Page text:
Some still catch fish in the San Gabriel River. But without stocking, the trout are harder to find.
|<b>September 23, 2017</b> - There are not many trout still in the San Gabriel, but local fisherman are there expectantly, hoping for a bite.|
Fisheries Biology Technician Thomas Coleman, of the U.S. Forest Service, looks for aquatic invertebrates on rocks, an indicator of stream health depending on if the invertebrates are tolerant or intolerant to pollution, at Vogel Flats in the Angeles National Forest on Thursday, April 20, 2017. (Photo by Sarah Reingewirtz, Pasadena Star-News/SCNG)
I always carried my black transistor radio whenever my father would ask me and my brother to go fishing with him. I’d snap in a fresh, 9-volt battery and roll the corrugated dial with my thumb to a Top 40 station.
The rhythms of the Beatles and the harmonies of the Beach Boys would echo in my head, surging through my earphones, vibrating down to my sneakers tapping out the beat on the floor board of my dad’s Chevy Impala.
It was the late ’60s, and I was 11 years old. The tinny, pop music overtook me during those trips to the Atlantic off Long Island, much more than the flounder jerking on the end of my brother’s line. I daydreamed, hoping the music would soothe my upset stomach as the waves from the passing charters tossed our rowboat and mixed us around like a twister ride at the church fair.
My dad would come home with a bucket of flounders. He was reliving his boyhood when he and his buddies would skim eels out of the East River.
I’ve tried fishing as an adult. With similar fleets of revolt. Rods, boats, baiting hooks never seemed to send me into a zen-like solace like it does to those who actually enjoy fishing.
Barrett H. Wetherby’s ancestors started the Pasadena Bait Club in 1890. At 86, he still lives in the family cabin on the West Fork of the San Gabriel River, a meandering stream once full of trout and men casting poles with spinning reels and thin lines into the clear stream.
The stories of trout, yes even steelhead trout that would return to the ocean to spawn, coming out of the San Gabriel River were no fish tales during the late 19th century and early 20th century. Stories persisted of anglers hiking high into the San Gabriel Mountains and catching dozens, even hundreds of fish. So many were caught that the state put a limit on the number you could catch and then turned the West Fork into a catch-and-release stream.
Overfishing didn’t help. But what really killed fishing in the San Gabriel River was progress.
Specifically, three dams built to control flooding: Cogswell, San Gabriel and Morris. The steelhead were trapped like music in my radio without a battery. Later, state agencies stocked the San Gabriel River with nonnative fish. This eventually crowded out the native fish and hurt the endangered yellow-legged frog, so stocking by the California Department of Fish and Game (now Department of Fish and Wildlife) ended around 2005 to 2010, depending on the river, lake or stream.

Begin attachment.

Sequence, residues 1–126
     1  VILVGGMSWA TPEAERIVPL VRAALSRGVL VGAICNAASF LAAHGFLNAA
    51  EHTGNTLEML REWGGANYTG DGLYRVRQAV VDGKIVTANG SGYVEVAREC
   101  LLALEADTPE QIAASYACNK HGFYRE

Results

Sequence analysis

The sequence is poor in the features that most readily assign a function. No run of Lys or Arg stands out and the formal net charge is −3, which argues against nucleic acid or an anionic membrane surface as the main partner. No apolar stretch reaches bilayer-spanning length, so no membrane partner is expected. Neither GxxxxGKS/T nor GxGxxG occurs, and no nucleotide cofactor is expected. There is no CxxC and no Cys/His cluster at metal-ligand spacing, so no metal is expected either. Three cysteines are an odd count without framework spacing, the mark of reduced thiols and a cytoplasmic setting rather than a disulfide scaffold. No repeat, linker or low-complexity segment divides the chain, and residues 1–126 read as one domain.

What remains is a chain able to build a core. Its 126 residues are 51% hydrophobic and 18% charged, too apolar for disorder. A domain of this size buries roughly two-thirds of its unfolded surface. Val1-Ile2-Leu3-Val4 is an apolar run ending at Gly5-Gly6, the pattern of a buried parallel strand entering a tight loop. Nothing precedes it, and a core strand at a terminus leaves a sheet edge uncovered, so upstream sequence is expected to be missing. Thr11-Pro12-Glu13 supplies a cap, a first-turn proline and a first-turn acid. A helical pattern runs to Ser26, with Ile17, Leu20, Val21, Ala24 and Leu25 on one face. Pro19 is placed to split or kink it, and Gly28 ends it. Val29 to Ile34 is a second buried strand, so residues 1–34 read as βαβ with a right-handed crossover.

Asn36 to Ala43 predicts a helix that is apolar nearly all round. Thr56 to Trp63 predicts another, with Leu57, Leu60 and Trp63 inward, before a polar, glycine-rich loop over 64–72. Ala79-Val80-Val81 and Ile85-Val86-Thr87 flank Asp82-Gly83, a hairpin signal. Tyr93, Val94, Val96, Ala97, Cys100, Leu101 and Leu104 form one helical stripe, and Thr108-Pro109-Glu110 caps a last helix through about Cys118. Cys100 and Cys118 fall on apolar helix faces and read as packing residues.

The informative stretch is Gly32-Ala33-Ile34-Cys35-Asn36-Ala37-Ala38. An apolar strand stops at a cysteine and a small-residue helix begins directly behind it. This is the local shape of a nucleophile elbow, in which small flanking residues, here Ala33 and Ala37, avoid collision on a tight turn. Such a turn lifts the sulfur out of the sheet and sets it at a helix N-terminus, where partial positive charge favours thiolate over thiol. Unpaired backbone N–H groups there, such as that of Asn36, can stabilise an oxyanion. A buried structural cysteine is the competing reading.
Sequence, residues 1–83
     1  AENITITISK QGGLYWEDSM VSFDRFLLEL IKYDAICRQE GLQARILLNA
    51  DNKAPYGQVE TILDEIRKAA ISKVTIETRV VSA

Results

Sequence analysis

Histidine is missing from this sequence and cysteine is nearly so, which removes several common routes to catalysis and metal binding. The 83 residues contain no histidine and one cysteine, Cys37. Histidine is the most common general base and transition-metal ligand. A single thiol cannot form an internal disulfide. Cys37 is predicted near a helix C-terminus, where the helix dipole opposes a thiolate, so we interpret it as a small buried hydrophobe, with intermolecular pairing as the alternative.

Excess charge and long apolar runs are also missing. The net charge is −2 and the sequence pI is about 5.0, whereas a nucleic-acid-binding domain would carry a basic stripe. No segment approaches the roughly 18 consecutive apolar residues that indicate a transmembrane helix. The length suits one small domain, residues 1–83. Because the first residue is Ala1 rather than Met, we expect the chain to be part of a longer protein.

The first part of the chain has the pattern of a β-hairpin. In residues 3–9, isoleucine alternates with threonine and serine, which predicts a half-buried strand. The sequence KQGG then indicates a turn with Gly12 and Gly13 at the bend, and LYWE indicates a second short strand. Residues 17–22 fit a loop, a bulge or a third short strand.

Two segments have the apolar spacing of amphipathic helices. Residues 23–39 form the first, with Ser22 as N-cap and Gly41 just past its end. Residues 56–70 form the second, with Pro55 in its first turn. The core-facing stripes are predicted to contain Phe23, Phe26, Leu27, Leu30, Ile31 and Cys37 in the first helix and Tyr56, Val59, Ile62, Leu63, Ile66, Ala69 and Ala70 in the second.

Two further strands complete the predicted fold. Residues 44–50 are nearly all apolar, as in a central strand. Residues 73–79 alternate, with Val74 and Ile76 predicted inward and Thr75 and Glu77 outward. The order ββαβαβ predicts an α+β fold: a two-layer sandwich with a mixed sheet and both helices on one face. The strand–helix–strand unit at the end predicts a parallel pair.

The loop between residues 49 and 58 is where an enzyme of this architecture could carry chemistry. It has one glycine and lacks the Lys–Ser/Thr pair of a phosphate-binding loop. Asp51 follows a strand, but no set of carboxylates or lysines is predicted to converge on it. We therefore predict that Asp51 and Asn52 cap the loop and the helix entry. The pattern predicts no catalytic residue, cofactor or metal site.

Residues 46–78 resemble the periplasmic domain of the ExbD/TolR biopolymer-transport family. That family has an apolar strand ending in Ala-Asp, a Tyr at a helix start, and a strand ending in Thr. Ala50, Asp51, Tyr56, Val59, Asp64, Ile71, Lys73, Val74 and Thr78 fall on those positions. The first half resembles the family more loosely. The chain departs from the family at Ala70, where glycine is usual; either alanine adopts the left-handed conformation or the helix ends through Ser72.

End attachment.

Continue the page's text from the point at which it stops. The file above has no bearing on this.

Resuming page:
A trail runs through the West Fork area of the San Gabriel Mountains National Monument. (Photo by Steve Scauzillo)
Today, the anglers still come. They lower their rods into the West Fork water and wait. But nothing much happens, Wetherby said.
“It’s tough fishing now. It is not like the good old days,” he added.
Oh sure, Wetherby knows some secret spots. For instance, there’s a remote part of the river above Cogswell Dam that fishermen love. He’s heard of some coming away with 18-inch trout. “But that’s rare, maybe one a year,” he said.
Heaton Flats at the eastern end of East Fork Road is a place where some trout still swim in the stream, he said. “I’d say that is about the only place.”
Adam Samrah, who owns Crystal Lake Cafe and Cabins, said Crystal Lake, about 22 miles north of Azusa, is no longer stocked. But he still sees fisherman in his store who’ve caught some fish. “Yeah, there are still fish there. Last week, somebody caught two. But they stopped stocking it at least two years ago,” said the store owner. With the roads open, he sees more hikers, motorcycle riders and day-trippers these days, as well as those who rent his cabins.
Wetherby would like to see trout stocked again in the San Gabriel Mountains streams. But he has not had much luck convincing state authorities.
No, not for him. He doesn’t fish anymore. But for the Valley dwellers who love fishing and come up with the next generation filled with anticipation.
“Those grandfathers would be very happy. They want to hear their grandkids say: ‘Grandpa! Look what I got!’ ” he said.
Steve Scauzillo covers transportation and the environment for the Southern California News Group. He’s a recipient of the Aldo Leopold Award for Distinguished Editorial Writing from The Wilderness Society. Follow him on Twitter or Instagram @stevscaz or email him at firstname.lastname@example.org.
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